Carson Wentz Blocking out the Noise

Ed Kracz

PHILADELPHIA – Carson Wentz wants to know that he doesn’t hear you. He doesn’t hear words like regress or regression, which are the two biggies being thrown at his feet after getting off to such a dismal start to the season.

“I don’t know what’s being said, but what people say or how they feel everyone’s entitled to their own opinion,” said Wentz, the quarterback who has four interceptions and just two touchdown passes in the Eagles’ 0-2 start, prior to Wednesday’s practice. “This is how I’ve been my whole career. I don’t get worked up about what people say, write, feel, I’m confident in myself, I’m confident in this team.

“Obviously being 0-2, statistically 0-2 but then statistically where I’m at with the turnovers and all those things, that’s all behind me. For me, it’s all about going forward. I don’t get too caught up or worked up about it. I’m confident in myself, I’m confident in this team that we’ll get it going.”

The Eagles will try to get it going against a team they don’t see very often, and that is the Cincinnati Bengals, who visit Lincoln Financial Field on Sunday.

This will be just the 14th meeting in the history between the two teams. The last time the Bengals came to Philadelphia was in 2012. The last time the Eagles went to Cincinnati, they were scorched 32-14 in a 2016 game that wasn’t that close.

It was, in fact, one of the top five worst losses under head coach Doug Pederson. The two losses to start the season rank up there now, too.

VIDEO: My Carson Wentz take with AllBengals publisher James Rapien

The Eagles need a win in the worst way.

They weren’t expected to start the season at 0-2. The Bengals, on the other hand, are still building, so 0-2 was probably the expectation, though rookie quarterback Joe Burrow is quickly changing the narrative.

Wentz isn’t the only problem, but he is the quarterback, the epicenter of the offense, which makes him the most visible problem.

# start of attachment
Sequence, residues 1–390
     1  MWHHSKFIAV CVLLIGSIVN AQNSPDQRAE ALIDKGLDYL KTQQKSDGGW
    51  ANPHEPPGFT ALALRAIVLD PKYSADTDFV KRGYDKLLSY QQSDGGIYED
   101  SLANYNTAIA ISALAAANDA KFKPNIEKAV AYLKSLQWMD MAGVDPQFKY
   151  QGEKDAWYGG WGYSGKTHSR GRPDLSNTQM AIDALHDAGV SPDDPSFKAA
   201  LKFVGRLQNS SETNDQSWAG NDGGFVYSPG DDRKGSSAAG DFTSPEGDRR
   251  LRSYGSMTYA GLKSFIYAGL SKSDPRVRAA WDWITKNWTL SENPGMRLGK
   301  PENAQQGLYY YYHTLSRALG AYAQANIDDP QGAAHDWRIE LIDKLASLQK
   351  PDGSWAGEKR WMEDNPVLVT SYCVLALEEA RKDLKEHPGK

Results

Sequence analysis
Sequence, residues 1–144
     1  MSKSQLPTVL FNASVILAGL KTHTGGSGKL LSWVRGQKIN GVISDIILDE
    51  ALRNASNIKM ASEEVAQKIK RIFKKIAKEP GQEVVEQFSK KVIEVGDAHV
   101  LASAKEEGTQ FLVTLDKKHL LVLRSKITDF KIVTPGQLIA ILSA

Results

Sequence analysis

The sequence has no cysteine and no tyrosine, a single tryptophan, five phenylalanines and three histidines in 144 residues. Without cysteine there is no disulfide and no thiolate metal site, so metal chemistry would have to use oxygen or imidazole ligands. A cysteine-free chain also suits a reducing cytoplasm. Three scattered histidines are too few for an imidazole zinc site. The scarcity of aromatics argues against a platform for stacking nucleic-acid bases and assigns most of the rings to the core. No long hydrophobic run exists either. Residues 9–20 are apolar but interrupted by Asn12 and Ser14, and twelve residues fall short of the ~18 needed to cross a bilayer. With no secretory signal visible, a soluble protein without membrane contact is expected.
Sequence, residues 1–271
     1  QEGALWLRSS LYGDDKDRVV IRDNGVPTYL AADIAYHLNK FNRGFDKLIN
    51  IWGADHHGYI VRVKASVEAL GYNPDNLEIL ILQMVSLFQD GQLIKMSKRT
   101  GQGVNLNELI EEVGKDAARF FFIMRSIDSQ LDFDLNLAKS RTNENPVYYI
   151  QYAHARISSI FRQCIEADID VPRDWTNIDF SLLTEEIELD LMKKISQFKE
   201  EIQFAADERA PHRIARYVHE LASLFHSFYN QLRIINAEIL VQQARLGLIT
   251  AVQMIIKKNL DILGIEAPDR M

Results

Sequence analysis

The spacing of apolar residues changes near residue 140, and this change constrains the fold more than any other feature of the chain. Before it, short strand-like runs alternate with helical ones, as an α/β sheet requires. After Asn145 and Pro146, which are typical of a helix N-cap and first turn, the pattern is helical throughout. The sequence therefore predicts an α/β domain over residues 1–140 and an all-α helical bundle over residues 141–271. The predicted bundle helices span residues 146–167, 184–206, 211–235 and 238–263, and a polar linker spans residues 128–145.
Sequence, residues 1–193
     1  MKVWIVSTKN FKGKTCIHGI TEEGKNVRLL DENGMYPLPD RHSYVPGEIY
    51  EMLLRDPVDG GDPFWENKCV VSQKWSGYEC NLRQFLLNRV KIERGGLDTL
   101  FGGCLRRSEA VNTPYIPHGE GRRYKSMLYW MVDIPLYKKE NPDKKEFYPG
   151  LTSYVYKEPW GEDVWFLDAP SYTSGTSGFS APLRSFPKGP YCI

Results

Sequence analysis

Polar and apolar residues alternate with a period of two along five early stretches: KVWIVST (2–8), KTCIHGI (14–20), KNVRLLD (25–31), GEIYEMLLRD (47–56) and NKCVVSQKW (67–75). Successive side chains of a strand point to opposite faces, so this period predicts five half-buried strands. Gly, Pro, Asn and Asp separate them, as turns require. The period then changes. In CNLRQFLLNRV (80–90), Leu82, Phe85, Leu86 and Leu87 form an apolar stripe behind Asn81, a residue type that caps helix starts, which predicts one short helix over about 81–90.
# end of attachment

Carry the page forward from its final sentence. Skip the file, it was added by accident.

What gives him the confidence the Eagles can turn a season around?

“I think this business, this game, confidence can turn on people really quickly,” he said. “For us, it’s going back to what you know. It’s believing in yourself, it’s the entire body of work ever since you were a kid, how you train, how you work, how you prepare. There’s going to be rough times, there’s going to be rough patches, but guys have to lean in.

“I think we have a really good group of guys in this locker room that lean in on each other and trust each other and encourage each other and no matter what the outside world is saying or feeling, we trust each other, we stay together. The confidence is still there and still sky high for this team.”

It wasn’t until Oct. 20 last year that Wentz threw his fourth pick, and his back-to-back games with two interceptions mark the first time that has happened in his career, so it’s easy to see the issues here.

“Honestly, I think back to the entirety of my career and how I’ve bounced back from good games, bad games,” he said. “It doesn’t matter (good or bad). I try to reset myself every week and still be myself, not play tight or too loose either. Just be myself and be aggressive.

“When I see something, rip it, and just trust my instincts. I’m not going to change anything drastically by any means. It’s just being smart. We’ll be just fine. I’m confident in myself that we’ll be just fine and take care of business.”

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